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What A Clark Gable Short Snorter Dollar Was Actually Worth On Pawn Stars

How much can a signature from a famous figure possibly be worth? The answer is probably a lot higher than most people would guess. If we look at Finances Online, they list the highest valued signature at $9.8 million — granted, that's the appraised cost of George Washington's signature on the Acts of Congress, but that's still an absolutely wild amount of money.

As for non-political figures, the prices can still be steep. A Babe Ruth baseball, for instance, is worth around $388,375. Bottom line: if the figure in question is well-known, if their signature is less common, and if the signature is on something that either is itself valuable or connects in a meaningful way with the signer, then the signature can be quite valuable.

And that's definitely the thought that the owner of a Clark Gable signature thought when she appeared on "Pawn Stars" to sell what she had. The item Gable signed was a one-dollar bill. If that sounds like a strange thing to sign, well then, hold onto your hat because the story of the signature is actually a lot more interesting than the signature itself.

The seller wants $5,000 for the signature — does she get it? Let's talk about the story of the signature, how the sale turns out, and if that sale should've gone a different way or not.

Clark Gable: actor and member of the Air Force

First of all, in case you were unaware, Clark Gable was one of the most famous actors from the 1930s through the 1950s. He's best known for roles in films like "Mutiny on the Bounty" and "It Happened One Night," but his most famous role at this point is undoubtedly Rhett Butler in "Gone with the Wind". In fact, if you factor in inflation, "Gone With the Wind" has the highest box office gross of all time, at $3.73 billion all told.

So here's the natural question — why is Gable's signature on a one-dollar bill? Here's a hint: it's not just the first thing a random fan had available for Gable to sign. This is no ordinary bill, it's a World War II-era short snorter. A short snorter is a bit of local paper currency that is signed by people traveling on an aircraft together. The tradition was started by Alaskan bush flyers back in the 1920s, but, relevant to Gable's signature, signing bills become common practice during World War II for people on bombers after a successful mission.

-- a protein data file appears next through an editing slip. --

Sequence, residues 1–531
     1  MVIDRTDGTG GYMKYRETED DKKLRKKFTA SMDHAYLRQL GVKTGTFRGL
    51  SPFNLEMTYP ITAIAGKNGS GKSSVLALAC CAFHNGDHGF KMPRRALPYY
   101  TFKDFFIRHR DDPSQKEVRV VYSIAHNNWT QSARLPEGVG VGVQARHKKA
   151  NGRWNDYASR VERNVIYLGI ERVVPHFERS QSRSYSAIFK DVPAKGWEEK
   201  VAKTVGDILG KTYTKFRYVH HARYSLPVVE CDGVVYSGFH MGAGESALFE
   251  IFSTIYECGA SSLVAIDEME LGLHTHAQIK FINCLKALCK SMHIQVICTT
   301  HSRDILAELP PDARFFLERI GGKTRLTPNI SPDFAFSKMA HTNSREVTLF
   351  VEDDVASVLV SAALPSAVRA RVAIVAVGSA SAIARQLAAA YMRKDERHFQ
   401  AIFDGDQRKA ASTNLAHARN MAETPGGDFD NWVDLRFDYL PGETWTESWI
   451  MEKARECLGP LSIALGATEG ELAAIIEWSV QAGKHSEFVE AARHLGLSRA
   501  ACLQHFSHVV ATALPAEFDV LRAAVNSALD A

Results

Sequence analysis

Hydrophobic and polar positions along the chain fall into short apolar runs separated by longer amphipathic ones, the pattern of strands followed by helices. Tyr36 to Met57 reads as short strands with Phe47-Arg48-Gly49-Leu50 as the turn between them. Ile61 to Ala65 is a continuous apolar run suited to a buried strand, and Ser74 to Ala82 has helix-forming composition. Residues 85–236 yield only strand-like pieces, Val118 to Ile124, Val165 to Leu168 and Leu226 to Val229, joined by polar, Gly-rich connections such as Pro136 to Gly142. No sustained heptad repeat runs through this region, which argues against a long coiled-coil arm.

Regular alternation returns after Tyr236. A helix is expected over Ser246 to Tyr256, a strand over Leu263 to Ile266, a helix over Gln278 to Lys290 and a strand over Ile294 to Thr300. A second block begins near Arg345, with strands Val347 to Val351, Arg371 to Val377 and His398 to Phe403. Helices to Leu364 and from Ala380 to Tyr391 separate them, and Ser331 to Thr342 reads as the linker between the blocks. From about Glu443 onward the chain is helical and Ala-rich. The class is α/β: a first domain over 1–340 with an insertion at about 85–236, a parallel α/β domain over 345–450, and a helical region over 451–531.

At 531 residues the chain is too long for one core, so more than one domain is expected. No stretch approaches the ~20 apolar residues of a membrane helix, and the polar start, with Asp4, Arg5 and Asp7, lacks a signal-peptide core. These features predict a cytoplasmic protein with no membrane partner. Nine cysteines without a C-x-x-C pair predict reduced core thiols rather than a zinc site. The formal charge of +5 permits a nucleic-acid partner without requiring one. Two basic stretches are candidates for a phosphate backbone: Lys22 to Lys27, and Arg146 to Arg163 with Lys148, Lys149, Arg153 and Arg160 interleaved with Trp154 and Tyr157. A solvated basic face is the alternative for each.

Not entirely unlike Elvis Presley famously did later, Gable also enlisted — and he did it relatively late in life. Gable had already been traveling with his wife Carole Lombard after the attack on Pearl Harbor to help incentivize people to buy bonds to help in the war effort. But in early 1942, tragedy struck and Lombard died in a DC-3 airliner crash that was returning her from a war bonds tour.

In the wake of his grief, Gable decided he needed to do more to help his country and, despite an insistence from then-president Franklin Delano Roosevelt to "STAY WHERE YOU ARE," Gable volunteered to join the Army Air Forces. And by all accounts, Gable flew in no less than five combat missions — not too shabby for a 40-something actor. It was somewhere around this time that Gable signed the short snorter being offered on "Pawn Stars," and, yes, it is genuine. But is it worth $5,000?

A Clark Gable signature is not as valuable as Gone With the Wind

According to seller Amy, her uncle flew in World War II along with Clark Gable. In addition to Gable's signature, the bill was also signed by the other members of the crew of that particular flight. You can also see that the bill was signed in Napier Field, Alabama, on January 17, 1943. Napier Field was actually constructed to be a military base during World War II, per the Encyclopedia of Alabama.

The story is real ripped-from-the-headlines stuff, the signature is obviously incredibly old, but, sadly, the price tag is nowhere near the $5,000 Amy was hoping for. The "Pawn Stars" team called on their colleague Drew, who is a forensic document examiner, and he valued the signature at $500 if it was framed. Drew believed the signature would've been more valuable if it were on a contract or something similar. The "Pawn Stars" team only offered the seller $100 and she declined the sale.

Was Drew right in his appraisal of the short snorter? Interestingly, there's a near-identical query on JustAnswer regarding a $1 bill signed by Gable that is owned by the child of someone whose father flew Gable around for war bond rallies. The person listing the signature also wanted to find out its value, and, as it turns out, the first person to respond estimated that a Gable signature would sell for between $200 to $500. According to the antique expert on JustAnswer, Gable's signature is relatively common.

The silver lining here is that if you ever wanted a signature of Clark Gable from his time actively aiding in combating the Nazis, it'll likely only cost you a couple of hundred bucks!